Cholesterol, Atherosclerosis and Heart Disease

Our heart is a muscle that generates the force that propels blood throughout our vascular system. The heart requires a constant supply of oxygen, fuel and has its own private blood supply, the coronary arteries, which circulate around the heart.

Atherosclerosis is the technical term for a dangerous condition of heart disease that develops when bad cholesterol combines with inflammatory cells and all sorts of tissue damage as well as other substances in the blood turns into plaques that build up inside the artery wall.

This plaque gets bigger and bigger over time and makes difficult for blood to flow until it gradually blocks off the artery. This plaque also can rupture and causing a clot that may rapidly clog the coronary artery and block the flow of blood, either partially or completely, which deprives the heart of oxygen.

Unless the clot is dissolved or removed very quickly (such as via emergency surgery), a part of the heart muscle will die, never to recover completely. This is what is called a heart attack, and if severe enough, can cause death.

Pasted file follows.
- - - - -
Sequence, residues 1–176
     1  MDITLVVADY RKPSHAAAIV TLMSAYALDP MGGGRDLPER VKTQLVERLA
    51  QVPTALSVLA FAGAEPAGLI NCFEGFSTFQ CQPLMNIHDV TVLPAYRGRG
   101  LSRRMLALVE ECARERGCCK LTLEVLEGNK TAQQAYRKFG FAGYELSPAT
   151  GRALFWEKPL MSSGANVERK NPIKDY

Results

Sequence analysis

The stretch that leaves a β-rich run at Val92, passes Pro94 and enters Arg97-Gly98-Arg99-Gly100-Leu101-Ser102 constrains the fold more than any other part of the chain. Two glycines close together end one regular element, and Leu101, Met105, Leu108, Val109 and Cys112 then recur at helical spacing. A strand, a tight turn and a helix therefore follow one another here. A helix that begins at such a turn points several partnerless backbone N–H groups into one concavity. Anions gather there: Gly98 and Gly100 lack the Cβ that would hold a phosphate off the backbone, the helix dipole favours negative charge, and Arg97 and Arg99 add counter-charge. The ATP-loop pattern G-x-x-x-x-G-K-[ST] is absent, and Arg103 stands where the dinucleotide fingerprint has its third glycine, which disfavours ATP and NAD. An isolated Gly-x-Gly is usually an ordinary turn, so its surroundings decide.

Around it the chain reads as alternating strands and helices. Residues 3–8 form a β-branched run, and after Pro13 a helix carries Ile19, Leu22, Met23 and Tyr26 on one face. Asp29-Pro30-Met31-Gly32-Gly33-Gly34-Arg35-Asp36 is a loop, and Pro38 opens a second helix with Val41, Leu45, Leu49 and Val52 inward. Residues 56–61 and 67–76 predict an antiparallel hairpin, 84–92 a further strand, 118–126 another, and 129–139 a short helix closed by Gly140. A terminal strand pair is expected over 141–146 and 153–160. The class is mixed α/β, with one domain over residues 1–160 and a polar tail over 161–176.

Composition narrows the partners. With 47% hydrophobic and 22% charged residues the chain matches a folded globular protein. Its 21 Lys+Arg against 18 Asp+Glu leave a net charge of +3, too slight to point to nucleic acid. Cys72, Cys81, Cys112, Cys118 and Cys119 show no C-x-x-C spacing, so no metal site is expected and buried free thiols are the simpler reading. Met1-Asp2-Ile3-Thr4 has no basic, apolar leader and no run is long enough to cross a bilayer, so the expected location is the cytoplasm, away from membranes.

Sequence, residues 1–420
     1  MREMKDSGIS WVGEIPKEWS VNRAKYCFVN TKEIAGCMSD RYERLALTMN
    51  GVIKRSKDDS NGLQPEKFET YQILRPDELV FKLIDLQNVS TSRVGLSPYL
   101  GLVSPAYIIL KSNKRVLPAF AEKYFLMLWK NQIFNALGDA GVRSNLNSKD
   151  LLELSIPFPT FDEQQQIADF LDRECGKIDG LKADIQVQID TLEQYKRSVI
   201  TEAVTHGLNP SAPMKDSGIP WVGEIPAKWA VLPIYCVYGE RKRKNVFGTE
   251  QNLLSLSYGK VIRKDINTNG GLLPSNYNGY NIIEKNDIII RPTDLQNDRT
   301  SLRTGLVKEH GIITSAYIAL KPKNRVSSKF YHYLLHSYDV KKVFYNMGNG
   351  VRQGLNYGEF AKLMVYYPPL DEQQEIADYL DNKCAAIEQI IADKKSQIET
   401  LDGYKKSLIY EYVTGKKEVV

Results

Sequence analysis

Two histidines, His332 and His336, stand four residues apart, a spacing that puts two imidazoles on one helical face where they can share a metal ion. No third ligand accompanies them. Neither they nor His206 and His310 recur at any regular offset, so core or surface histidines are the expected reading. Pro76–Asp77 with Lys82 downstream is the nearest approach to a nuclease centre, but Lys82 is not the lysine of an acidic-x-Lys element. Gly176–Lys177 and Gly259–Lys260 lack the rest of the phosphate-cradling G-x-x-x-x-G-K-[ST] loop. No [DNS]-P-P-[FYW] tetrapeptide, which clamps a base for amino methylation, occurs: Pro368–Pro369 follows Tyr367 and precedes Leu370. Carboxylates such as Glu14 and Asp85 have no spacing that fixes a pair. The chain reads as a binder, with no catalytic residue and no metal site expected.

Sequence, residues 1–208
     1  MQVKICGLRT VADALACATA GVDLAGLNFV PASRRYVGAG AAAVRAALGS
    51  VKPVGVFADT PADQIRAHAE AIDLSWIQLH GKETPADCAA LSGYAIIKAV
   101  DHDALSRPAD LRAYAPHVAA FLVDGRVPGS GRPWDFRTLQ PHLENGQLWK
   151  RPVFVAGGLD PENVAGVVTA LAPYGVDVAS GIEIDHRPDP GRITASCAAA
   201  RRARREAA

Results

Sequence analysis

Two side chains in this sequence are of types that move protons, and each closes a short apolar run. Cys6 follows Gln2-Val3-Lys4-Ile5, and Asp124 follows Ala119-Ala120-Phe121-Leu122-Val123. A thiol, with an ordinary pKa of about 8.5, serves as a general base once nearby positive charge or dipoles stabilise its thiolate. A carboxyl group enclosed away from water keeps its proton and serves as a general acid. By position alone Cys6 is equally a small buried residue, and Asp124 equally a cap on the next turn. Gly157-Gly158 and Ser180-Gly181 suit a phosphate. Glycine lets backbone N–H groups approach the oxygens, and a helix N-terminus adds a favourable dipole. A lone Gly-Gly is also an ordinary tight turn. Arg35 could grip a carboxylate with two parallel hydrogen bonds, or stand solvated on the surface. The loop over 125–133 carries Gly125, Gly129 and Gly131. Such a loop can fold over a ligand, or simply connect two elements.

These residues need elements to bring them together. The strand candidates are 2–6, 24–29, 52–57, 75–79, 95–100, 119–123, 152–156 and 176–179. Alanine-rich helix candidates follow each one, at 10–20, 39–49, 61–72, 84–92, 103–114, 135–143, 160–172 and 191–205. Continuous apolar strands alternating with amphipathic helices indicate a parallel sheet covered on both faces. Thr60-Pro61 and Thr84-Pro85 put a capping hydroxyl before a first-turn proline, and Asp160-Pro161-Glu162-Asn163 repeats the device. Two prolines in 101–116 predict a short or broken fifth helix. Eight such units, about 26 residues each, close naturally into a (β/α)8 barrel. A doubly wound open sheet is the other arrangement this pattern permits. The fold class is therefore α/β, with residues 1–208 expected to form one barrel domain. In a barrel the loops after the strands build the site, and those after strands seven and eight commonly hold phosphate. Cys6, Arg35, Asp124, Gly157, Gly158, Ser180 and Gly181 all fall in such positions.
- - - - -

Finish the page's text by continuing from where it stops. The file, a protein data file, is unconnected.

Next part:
Heart disease is actually the world’s most common cause of death. The most important step in the heart disease process is a sterol (mainly cholesterol) finding its way inside the arterial wall, then being eaten by a cell called a macrophage. Macrophages are cells that also “eat” other molecules, bacteria and even other cells. They are part of the immune system and are found everywhere in the body.

When cholesterol gets past the arterial wall and gets eaten by a macrophage, an inflammatory reaction begins, which further exacerbates the condition and can lead to a vicious cycle.

Heart disease is actually a very complicated process and involves various other factors, including inflammation and oxidative stress. But the most important step is that without cholesterol getting past the arterial wall and being eaten by a macrophage, causing atherosclerosis and heart disease.

That’s why it’s very important to maintain our cholesterol levels.

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